The Court highlighted that several factors, recognised in a number of earlier decisions of the Federal Court and Fair Work Commission, can be used to identify whether an employee will be regarded as a casual. These include uncertainty as to the period over which employment is offered; irregular work patterns; and discontinuity, unpredictability and intermittency of work.

Effects of the decision 

The decision has far-reaching implications for all employers who employ casuals. It is a real possibility that this decision will open the floodgates for casual employees to argue that they are entitled to other employee entitlements and lodge claims stretching back up to six years.

Employers will also be limited in their ability to rely on labour-hire companies, as the odds that casual engagement will be questioned by employees, regulators and courts are now significantly higher. Labour hire companies may also seek to charge employers more to account for a casual employee’s potential additional entitlements.

In a new analysis on the impacts of the decision, Australian Industry Group estimates that at least 1.6 million of the economy’s 2.6 million casuals, or 61 per cent, are working on a regular and ongoing basis and are now eligible to claim leave as a result of the decision.

Ai Group calculates further that the total cost of granting paid leave to these “regular” casuals is between $5.7 billion and $8 billion, and these estimates only account for annual leave and not other permanent employee entitlements, such as sick leave and redundancy pay.

Employers had hoped that WorkPac would challenge the Federal Court ruling in the High Court and were calling on Industrial Relations Minister Kelly O’Dwyer to intervene in the case as recently as last week. But the date for a High Court special leave application has since lapsed and there is no certainty of legislative intervention.

Moving forward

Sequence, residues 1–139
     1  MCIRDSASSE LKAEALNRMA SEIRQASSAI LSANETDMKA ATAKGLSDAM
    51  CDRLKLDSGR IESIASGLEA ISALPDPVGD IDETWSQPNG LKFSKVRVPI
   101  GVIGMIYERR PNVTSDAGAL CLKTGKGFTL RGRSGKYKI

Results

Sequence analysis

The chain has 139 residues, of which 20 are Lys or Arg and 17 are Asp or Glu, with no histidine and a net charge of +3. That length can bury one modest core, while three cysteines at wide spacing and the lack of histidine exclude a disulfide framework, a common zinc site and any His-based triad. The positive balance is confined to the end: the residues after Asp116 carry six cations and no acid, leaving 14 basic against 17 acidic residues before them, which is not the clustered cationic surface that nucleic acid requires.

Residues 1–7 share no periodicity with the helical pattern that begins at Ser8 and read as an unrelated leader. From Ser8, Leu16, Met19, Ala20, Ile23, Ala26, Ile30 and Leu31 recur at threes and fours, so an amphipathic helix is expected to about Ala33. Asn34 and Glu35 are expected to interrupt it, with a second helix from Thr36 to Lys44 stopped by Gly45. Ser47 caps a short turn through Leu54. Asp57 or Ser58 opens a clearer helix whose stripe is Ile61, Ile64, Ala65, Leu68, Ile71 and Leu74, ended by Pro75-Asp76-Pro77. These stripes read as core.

As a result, any employer that hires casual employees will need to take note of this decision. It is common for employees to commence as casuals and, as time progresses, shift into part-time or full-time employment. As a result, employers need to constantly monitor their own workforce and the appropriate classification for each employee. In order to do so, employers should ask themselves:

  • Is there a firm advance mutual commitment by the employer to ongoing employment?
  • Does the employee work irregular work patterns, with uncertainty, discontinuity, intermittency of work and unpredictability? Or does the employee work regular consistent hours and type of work?
  • Does the employee know/think they are a casual employee?
  • Is there certainty with respect to the period over which employment will be offered?

If it is clear that an employee’s working arrangement has become ongoing, regular and systematic, employers should reserve the right to transfer that employee’s status from casual to part-time or full-time. It is incredibly important to review existing employment agreements in place and ascertain whether these agreements reflect the correct and agreed employment status of each employee. We also recommend that for casual employees, an employer clearly specifies the portion of their rate of pay that is provided for casual loading, as this will then allow this amount to be set-off against any potential future claim for entitlements. If you have casual employees or are concerned about the implications of this decision, please contact us for advice or assistance. It may be appropriate to conduct an assessment as to whether your casual employees are in fact casual which may include a review of your existing employment agreements in place so as to limit potential claims against you by casual employees for additional entitlements.

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This article does not constitute legal advice or a legal opinion on any matter discussed and, accordingly, it should not be relied upon. It should not be regarded as a comprehensive statement of the law and practice in this area. If you require any advice or information, please speak to a practising lawyer in your jurisdiction. No individual who is a member, partner, shareholder or consultant of, in or to any constituent part of Legally Yours Pty Ltd accepts or assumes responsibility, or has any liability, to any person in respect of this article.